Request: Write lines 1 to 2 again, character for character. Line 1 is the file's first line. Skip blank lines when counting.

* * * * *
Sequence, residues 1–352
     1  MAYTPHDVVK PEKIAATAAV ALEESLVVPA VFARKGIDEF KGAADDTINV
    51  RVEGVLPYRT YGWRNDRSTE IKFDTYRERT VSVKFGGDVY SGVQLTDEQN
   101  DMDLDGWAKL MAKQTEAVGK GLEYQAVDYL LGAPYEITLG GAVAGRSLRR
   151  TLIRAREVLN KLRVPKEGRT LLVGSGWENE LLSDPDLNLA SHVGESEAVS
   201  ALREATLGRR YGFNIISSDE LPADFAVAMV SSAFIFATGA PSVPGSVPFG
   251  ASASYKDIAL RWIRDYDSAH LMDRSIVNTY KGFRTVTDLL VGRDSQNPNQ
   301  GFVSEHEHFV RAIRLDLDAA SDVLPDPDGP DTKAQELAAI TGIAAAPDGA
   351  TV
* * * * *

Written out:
Sequence, residues 1–352
     1  MAYTPHDVVK PEKIAATAAV ALEESLVVPA VFARKGIDEF KGAADDTINV